‘BS High’ Review: A Fake Football School and the Conman Behind It
By David Fear
Maybe you remember reading about the Bishop Sycamore scandal. Originally known as the Christians of Faith Academy, the Ohio-based institution was trying to build a reputation around itself as the next big thing in high school football. Its target demo was, according to someone involved with the recruitment program, “[student] athletes who were good at football — or thought they were good at football — but weren’t going to play at the next level.” Many of these kids were at-risk youth, living in environments that tested their ability to thrive and survive on a daily level. The promise of an academy that advertised themselves as a Division 1 feeder school, and offered the chance to not only play ball but set up a brighter future for a lot of these teens, was too good to pass up. All they had to do was get themselves to the Buckeye State. C.O.F., which would later “rebrand” itself as Bishop Sycamore, would handle the rest.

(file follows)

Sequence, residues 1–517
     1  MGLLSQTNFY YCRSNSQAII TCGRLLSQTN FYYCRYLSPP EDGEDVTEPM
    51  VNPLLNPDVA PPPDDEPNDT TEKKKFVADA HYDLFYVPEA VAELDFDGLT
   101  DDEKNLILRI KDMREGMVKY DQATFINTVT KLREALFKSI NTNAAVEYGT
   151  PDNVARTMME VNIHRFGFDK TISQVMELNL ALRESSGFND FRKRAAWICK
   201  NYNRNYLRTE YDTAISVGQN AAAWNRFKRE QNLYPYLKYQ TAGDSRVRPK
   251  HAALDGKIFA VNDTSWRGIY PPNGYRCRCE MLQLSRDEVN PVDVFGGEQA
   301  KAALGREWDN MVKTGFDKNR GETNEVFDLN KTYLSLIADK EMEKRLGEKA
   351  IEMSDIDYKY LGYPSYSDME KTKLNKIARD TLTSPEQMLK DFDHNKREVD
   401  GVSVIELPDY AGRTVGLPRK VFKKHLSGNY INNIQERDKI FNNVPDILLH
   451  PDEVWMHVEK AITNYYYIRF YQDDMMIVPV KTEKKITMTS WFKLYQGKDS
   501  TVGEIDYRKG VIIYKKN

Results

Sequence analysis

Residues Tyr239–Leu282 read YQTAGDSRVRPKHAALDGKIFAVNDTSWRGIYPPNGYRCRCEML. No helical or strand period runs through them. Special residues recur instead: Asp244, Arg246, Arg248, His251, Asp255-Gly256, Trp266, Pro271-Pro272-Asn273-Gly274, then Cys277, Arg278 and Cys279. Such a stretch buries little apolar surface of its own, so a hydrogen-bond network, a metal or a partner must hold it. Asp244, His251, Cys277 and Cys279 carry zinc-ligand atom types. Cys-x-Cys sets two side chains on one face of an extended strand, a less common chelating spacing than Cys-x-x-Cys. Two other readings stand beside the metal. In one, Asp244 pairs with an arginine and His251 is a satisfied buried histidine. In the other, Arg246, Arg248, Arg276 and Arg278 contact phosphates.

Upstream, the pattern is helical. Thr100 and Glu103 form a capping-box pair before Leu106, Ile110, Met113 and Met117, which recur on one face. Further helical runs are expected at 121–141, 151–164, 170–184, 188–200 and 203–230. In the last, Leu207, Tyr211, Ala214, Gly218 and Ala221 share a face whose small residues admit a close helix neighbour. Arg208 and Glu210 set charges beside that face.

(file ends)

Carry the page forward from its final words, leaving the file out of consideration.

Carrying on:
And then, after months of disorganized practices, precious few basic resources, no scholastic program to speak of, extremely dodgy living conditions, and having to stay one step ahead of creditors and hotel managers who’d like to be paid, thank you very much, the team scored the opportunity to play the highly renowned IMG Academy. Even better: the game would be televised on ESPN. Bishop Sycamore lost. Actually, “lost” is too kind a word when you’re talking about a 58-0 shellacking and a stunning lack of completions on Sycamore’s part. And it was only after the game went viral that people finally started to pay attention to the fact that — despite having a high school football team — the school itself had never existed in the first place.